In Brown-Hunter, the ALJ “did not specifically identify any . . . inconsistencies” between the claimant's testimony and the record, but instead “simply stated her non-credibility conclusion and then summarized the medical evidence supporting her RFC determination.” 806 F.3d at 494. The Ninth Circuit held that, “[a]lthough the ALJ summarized a significant portion of the administrative record in support of her RFC determination, providing a summary of medical evidence in support of a residual functional capacity finding is not the same as providing clear and convincing reasons for finding the claimant's symptom testimony not credible.” Id. (emphasis in original). “Although the ALJ's analysis need not be extensive, the ALJ must provide some reasoning in order for [the court] to meaningfully determine whether the ALJ's conclusions were supported by substantial evidence.” Id. “To support a lack of credibility finding, the ALJ [is] required to ‘point to specific facts in the record which demonstrate that [the claimant] is in less pain than she claims.'” Vasquez, 572 F.3d at 592 (quoting Dodrill, 12 F.3d at 918).

         In Treichler, the Ninth Circuit explained that “to ensure [judicial] review is meaningful, . . . we require the ALJ to ‘specifically identify the testimony [from a claimant] she or he finds not to be credible and . . . explain what evidence undermines the testimony.'” 775 F.3d at 1102 (quoting Holohan v. Massanari, 246 F.3d 1195, 1208 (9th Cir. 2001)). “That means ‘[g]eneral findings are insufficient.'” Id. (quoting Lester v. Chater, 81 F.3d 821, 834 (9th Cir. 1995)). However, any error by the ALJ is harmless “if the agency's path may reasonably be discerned, ” even if the agency “explains its decision with less than ideal clarity.” Id. at 1099 (quoting Alaska Dep't of Envtl. Conserv. v. EPA, 540 U.S. 461, 497 (2004)) (internal quotation marks omitted).

         Here, in crafting the RFC, the ALJ first recited a lengthy and detailed summary of plaintiff's claimed symptoms:

The claimant alleged in her initial disability reports that she was limited in her ability to work due to bipolar, mania, depression, suicidal thoughts, rapid cycling, anxiety, cognitive issues, headache, delayed sleep phase disorder, MTHER gene mutation, and cervical radicular pain (lE; 3E2). She alleged symptoms of sleep disturbance; problems with concentration, memory, thinking, guilt, worthlessness, fatigue, loss of interest, paranoid thinking, hyperactivity, flight of ideas, pressured speech, and distractibility; eye pain, optic neuritis, paresthesia, muscle weakness, bladder issues, nerve pain, muscle spasms involuntary movements, and upper and lower extremity pain (1E).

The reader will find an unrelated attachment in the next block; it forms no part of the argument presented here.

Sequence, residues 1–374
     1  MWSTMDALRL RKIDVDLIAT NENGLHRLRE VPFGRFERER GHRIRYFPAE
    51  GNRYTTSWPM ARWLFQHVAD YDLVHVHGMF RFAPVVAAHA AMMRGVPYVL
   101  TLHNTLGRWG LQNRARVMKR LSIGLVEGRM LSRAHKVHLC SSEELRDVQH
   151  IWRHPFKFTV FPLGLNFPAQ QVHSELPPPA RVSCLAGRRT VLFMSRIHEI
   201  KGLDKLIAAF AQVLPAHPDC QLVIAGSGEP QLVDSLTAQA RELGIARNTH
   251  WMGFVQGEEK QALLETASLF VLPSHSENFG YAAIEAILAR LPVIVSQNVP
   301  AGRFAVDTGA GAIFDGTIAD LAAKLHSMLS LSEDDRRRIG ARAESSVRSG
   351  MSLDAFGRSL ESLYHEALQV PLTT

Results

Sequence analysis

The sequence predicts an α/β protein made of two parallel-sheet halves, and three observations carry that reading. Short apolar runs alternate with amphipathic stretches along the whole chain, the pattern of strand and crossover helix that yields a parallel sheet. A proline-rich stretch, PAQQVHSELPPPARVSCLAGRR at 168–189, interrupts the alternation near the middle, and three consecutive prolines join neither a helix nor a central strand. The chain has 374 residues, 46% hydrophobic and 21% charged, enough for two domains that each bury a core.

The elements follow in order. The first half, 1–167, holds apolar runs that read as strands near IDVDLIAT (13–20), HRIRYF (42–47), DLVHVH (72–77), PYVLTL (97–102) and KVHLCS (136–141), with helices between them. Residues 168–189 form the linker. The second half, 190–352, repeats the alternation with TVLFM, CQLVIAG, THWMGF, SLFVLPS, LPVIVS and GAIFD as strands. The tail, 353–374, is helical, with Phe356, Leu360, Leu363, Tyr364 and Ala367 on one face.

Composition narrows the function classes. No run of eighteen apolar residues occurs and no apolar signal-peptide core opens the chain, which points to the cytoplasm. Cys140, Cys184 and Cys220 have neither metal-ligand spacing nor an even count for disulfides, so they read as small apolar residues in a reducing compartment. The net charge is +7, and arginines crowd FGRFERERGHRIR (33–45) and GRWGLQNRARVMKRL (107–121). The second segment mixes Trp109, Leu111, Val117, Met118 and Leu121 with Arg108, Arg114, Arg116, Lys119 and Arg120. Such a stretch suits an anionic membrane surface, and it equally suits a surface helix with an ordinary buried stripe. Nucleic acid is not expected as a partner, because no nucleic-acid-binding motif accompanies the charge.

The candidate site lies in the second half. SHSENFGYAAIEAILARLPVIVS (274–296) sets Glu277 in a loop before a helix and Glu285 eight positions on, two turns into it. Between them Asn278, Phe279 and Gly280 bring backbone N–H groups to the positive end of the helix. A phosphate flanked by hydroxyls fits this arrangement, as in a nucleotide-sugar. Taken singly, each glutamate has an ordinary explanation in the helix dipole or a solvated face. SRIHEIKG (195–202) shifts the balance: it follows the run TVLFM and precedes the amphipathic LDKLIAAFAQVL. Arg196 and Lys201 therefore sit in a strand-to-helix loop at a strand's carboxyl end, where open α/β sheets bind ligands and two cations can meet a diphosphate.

In her Function Report-Adult, she alleged limitations in all exertional and 11011-exertional activities (6E6). She stated that she lived in a duplex with her family (6El). She stated that when she was feeling well, she was able to care for her children, ages 3 and 8, with help from her mother during the day (6E2). She stated that her mother prepared lunch and dinner and sometimes drove her to appointments. She alleged problems with blow-drying her hair due to an inability to hold up her arms and sensitivity to heat; sometimes needing help from her husband to lift her out of the tub; and frequent urination and urinary accidents (6E3). Otherwise, she reported no problems with dressing, feeding herself, and other personal care activities. She stated that she needed reminders to pay bills and attend doctor's appointments but needed no reminders to take medication. She reported that she was able to prepare simple meals, do cleaning and laundry sometimes, go out alone, and drive a car (6E3-4). She stated that she was sometimes able to manage her personal finances, except when fatigued or otherwise symptomatic (6E5). She described her hobbies to include scrapbooking, reading, television, camping, piano playing, fishing, hiking, yardwork/gardening, and baking (6E5). She stated that she did not engage in her hobbies often due to fatigue and pain. She reported that once a week she spent time with others by watching sports, playing board games or bingo, or talking. She alleged that she was unable to lift more than 25 pounds or walk more than 5 to 30 minutes before needing to rest (6E6). She stated that had an average ability to follow written instructions but needed repeating of spoken instructions. She ...